Don't Forget Bottled Water in Your Disaster Supplies Kit
The weather outside's been frightful for many parts of the country this year. Most recently in the northeast, where people found themselves confined to their homes or stranded on the highway in their cars after a whopping blizzard paralyzed parts of
The weather outside's been frightful for many parts of the country this year. Most recently in the northeast, where people found themselves confined to their homes or stranded on the highway in their cars after a whopping blizzard paralyzed parts of Buffalo, New York.
The issue brings to light an important tip: keeping emergency kits handy at home or in your vehicle.
The Federal Emergency Management Agency (FEMA) developed a website dedicated to helping people create and maintain their disaster kits with items such as food, flashlights, first aid supplies, a whistle, dust masks, a manual can opener, and batteries.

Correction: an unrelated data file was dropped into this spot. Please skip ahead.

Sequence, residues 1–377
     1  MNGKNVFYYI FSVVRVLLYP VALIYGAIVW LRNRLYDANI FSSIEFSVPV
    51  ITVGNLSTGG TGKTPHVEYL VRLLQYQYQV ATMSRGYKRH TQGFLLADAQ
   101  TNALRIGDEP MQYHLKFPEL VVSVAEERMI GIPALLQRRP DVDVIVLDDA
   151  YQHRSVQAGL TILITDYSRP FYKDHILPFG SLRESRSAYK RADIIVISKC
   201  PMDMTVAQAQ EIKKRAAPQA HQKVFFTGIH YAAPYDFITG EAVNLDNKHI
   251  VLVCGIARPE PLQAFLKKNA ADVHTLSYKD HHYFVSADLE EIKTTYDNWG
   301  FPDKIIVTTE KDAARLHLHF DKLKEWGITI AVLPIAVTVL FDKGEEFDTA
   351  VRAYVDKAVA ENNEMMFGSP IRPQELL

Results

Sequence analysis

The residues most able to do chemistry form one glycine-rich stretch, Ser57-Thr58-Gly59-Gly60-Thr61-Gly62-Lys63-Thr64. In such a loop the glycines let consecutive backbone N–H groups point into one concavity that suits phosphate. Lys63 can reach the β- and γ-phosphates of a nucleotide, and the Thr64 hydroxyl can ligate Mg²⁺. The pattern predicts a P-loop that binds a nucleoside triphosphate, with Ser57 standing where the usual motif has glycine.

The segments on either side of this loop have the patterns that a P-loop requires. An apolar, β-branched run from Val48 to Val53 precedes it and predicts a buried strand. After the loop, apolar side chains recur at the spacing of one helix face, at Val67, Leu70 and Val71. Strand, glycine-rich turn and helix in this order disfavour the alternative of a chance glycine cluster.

You can find their entire recommended list HERE.
But do you know what's critical on that list? Water.
Rather than preparing your own containers of water, the most reliable source is commercially bottled water, stored in a cool, dark place. Mind the expiration dates, of course.
It's recommended to keep a three-day supply of water - per person - available in your emergency kit. Figure about a gallon per day per person, FEMA suggests. That's not a hard and fast rule, however. Here are a few things, per FEMA's guidelines, to keep in mind when planning your emergency water supply:
- One gallon of water per person per day, for drinking and sanitation.
- Children, nursing mothers and sick people may need more water.
- A medical emergency might require additional water.
- If you live in a warm weather climate more water may be necessary. In very hot temperatures, water needs can double.
- Keep at least a three-day supply of water per person.